Go ahead, Joba, pump your fist. You earned it.
Also, I couldn’t care less what Joba does to celebrate, as long as he gives us a performance worth celebrating. He can strip down and run around the field in his boxer-briefs after striking out the batters he faces, for all I care. He can do backflips, kiss the umpires, high-five the fans, and whatever else he damn well pleases, as long as he gets the job done. It’s fun to see our pitcher showing emotion. Even more importantly, this display of his feelings shows that he’s got his heart invested in doing well for himself and for our team. It shows that he actually gives a damn about every single game. Why on Earth would anyone complain about seeing that on their own team?
I’ve come to the conclusion that some “fans” do not deserve to call themselves fans. These people who were complaining about Joba’s celebration have never said a positive thing about the Yankees. All they’ve ever done is complain. They stay quiet when things are going well, then as soon as one of our players make a mistake, they jump at the opportunity to criticize.
These very same fans also annoyed me in another instance. They said nothing to praise Derek Jeter for making two amazing defensive plays, but the moment he made a throwing error to Teixeira at first base, these “fans” immediately came out to criticize him. Absolutely disgusting.
 
These “Yankees fans” annoy me far more than fans of other teams. Yes, they even disgust me more than Red Sox fans. I expect Red Sox fans to criticize every single mistake the Yankees make, because we also criticize every mistake the Red Sox make. I understand it when a fan criticizes his or her own team’s mistakes, as long as they also praise their players when the perform well. Only criticizing and never praising, however, makes you a Yankees Hater, not a Yankees Lover. Putting on the pinstripes doesn’t cover up your constant hate. Wearing the interlocking ‘NY’ over your heart doesn’t give you a free pass to constantly dish out hate against the Yankees. The excuse “Hey, I’m a Yankees fan” doesn’t work when you show nothing but anger and disgust towards the Yankees. So, kindly shut up.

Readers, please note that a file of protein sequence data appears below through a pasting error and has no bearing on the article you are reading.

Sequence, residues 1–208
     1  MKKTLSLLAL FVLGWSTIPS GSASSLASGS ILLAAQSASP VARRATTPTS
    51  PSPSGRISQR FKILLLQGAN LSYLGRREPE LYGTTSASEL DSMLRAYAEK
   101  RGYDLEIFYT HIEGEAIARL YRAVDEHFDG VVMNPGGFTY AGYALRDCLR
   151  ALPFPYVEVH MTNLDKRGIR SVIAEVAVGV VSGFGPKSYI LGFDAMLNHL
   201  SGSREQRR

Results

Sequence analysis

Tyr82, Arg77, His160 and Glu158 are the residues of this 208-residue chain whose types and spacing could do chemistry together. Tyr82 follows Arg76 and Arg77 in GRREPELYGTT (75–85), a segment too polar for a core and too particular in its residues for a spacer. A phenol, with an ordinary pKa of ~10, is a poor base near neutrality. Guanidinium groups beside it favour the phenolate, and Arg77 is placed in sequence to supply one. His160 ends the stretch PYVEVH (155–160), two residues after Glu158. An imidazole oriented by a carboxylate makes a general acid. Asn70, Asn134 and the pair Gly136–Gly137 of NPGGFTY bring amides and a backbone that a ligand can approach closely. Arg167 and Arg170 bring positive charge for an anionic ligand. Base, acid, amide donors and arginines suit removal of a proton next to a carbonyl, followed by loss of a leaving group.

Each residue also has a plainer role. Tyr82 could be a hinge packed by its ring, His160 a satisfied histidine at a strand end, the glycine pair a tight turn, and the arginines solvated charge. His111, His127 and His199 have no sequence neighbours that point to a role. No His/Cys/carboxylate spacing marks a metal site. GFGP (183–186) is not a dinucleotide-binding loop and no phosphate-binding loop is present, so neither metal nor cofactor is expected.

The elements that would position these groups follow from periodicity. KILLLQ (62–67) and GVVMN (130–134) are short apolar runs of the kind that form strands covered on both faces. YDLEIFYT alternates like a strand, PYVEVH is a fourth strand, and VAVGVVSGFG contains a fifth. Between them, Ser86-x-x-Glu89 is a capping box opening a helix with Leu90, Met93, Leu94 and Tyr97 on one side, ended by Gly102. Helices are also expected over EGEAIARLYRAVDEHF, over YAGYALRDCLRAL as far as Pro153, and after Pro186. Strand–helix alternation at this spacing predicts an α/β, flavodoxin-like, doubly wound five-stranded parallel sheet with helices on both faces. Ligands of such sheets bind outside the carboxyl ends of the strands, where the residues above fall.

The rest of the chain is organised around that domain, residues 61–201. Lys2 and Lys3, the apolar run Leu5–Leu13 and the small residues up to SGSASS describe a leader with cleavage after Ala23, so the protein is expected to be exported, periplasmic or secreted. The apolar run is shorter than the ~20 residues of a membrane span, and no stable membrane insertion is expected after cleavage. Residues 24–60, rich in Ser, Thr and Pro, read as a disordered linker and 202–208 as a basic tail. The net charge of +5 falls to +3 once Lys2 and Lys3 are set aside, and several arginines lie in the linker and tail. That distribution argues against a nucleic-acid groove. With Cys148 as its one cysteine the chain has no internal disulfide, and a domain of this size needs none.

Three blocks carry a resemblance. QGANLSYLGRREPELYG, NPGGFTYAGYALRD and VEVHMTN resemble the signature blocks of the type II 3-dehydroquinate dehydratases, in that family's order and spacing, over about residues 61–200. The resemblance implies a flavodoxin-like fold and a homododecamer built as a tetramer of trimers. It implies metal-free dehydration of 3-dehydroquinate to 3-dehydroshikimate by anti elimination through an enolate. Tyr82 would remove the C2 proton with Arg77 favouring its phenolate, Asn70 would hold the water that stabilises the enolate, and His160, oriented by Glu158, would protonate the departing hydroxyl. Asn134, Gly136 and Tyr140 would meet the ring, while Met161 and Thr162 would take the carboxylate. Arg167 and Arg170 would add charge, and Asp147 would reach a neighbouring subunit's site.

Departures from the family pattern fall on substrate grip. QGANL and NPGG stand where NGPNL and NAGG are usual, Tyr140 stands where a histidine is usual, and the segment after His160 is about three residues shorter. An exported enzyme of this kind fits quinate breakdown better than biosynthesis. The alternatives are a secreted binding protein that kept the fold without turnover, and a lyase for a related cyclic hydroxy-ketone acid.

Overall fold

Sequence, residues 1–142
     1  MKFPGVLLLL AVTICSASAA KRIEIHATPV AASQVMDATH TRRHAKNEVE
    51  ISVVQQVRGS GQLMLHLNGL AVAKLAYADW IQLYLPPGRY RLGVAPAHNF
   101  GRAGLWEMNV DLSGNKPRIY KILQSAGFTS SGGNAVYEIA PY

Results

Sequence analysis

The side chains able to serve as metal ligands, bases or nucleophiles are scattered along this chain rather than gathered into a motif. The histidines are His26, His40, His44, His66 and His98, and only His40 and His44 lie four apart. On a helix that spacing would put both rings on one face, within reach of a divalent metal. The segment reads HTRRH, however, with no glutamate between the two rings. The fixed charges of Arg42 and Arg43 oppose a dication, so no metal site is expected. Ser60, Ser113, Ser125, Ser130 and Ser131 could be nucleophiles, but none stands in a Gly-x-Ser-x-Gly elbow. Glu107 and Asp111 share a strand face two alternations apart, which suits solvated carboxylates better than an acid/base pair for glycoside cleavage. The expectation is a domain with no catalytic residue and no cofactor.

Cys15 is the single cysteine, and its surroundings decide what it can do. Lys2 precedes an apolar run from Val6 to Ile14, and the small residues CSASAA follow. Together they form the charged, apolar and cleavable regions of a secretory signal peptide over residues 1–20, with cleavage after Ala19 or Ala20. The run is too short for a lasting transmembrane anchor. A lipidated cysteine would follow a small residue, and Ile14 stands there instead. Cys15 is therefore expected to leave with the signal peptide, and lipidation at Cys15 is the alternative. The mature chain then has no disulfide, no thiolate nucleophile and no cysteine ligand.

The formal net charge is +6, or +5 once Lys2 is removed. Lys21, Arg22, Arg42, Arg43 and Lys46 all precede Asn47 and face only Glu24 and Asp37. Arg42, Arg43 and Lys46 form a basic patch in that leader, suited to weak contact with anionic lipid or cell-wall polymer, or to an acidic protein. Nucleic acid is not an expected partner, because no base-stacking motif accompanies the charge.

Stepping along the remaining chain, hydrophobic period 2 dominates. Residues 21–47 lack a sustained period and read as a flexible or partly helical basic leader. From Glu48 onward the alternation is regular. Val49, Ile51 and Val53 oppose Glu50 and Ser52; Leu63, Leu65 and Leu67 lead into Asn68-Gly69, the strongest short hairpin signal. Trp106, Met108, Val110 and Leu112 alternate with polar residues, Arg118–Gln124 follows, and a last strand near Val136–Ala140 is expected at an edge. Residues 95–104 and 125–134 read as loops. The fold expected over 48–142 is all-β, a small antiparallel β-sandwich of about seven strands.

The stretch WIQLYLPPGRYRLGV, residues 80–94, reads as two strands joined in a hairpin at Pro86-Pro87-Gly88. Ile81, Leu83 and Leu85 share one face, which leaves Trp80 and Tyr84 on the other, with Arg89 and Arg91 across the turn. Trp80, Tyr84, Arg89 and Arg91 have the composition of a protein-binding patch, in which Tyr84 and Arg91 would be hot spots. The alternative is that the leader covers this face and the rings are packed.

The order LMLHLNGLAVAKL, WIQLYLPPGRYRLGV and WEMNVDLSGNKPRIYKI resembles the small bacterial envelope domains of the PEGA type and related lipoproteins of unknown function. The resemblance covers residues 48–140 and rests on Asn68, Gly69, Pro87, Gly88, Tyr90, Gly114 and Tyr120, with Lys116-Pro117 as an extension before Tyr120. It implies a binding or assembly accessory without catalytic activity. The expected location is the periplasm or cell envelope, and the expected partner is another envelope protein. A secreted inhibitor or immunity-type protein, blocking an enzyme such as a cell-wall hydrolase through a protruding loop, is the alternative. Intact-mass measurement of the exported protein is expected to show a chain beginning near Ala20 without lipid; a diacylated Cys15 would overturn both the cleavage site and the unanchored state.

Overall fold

Yankees fans who do nothing but criticize and complain should have their Yankees Fanhood revoked. They don’t deserve to celebrate the glory, because all they do while we’re on the road to that glory is criticize and spew venomous hate. Do yourselves, and real Yankees, fans a favor, and jump onto another bandwagon. We don’t want you in the Bronx. 



You can find Beeeebzy’s blog entries and more at 161st-and-River.com

Advertisements

5 comments

  1. osfan2009

    AJ and Posada went a whole meaningful start without killing each other. Dang it, I lost my “How long until AJ kills Posada” pool.

  2. bellafoxx

    I have a co-worker like that, claims to be a Yankee fan, but every time he talks about them says how they are not doing well, not going to the World Series, when they were in the World Series that they weren’t going to win it.

    I’ve started telling people he’s a Mets fan.

  3. jtorresmesias@hotmail.com

    Absolutely agree, hon. I enjoyed Joba’s fist pumping yesterday night. I was at my office and, by the end of 5th inning, I went with a friend of mine (of course a true Yankees fan) to Caliente, which is a Sports Bar. We watched the second half of the game over there.Like you and Joba, Hiba, I also pumped my fist when Joba strucked Nancy Drew out.

    But some moments earlier, we were so happy watching Alfredo Aceves’ performance. He was as great as we know he can be. Here in Mérida, Yucatán, México we follow Alfredo very closely. The reason is simple. He is a farm product from my home team, Leones de Yucatán, in the Mexican League. He made his AAA debut here, and I was at that game. Then, when he was a FA, he was acquired by the Sultanes de Monterrey, which is the team where the Yankees signed him from. Lee Sigman, a Yankees scout for México, was following Alfredo since he was playing in Yucatán. And that’s why we’re very proud of him.

    Since tonight’s game will be on ESPN2, I’ll watch it at home. Here’s hoping Andy Pettitte can give us the series.

    Keep in touch.

    JORGE

  4. spyderx825@gmail.com

    absolutely awesome beeeebzy, i agree with everything you said, i was so pumped when joba reacted the way he did..c’mon its not just a regular game its against the red sox, doesnt matter if its april or october…i also appreciate the fact you stayed up all night to watch them…definitely a true fan

Leave a Reply

Fill in your details below or click an icon to log in:

WordPress.com Logo

You are commenting using your WordPress.com account. Log Out /  Change )

Google photo

You are commenting using your Google account. Log Out /  Change )

Twitter picture

You are commenting using your Twitter account. Log Out /  Change )

Facebook photo

You are commenting using your Facebook account. Log Out /  Change )

Connecting to %s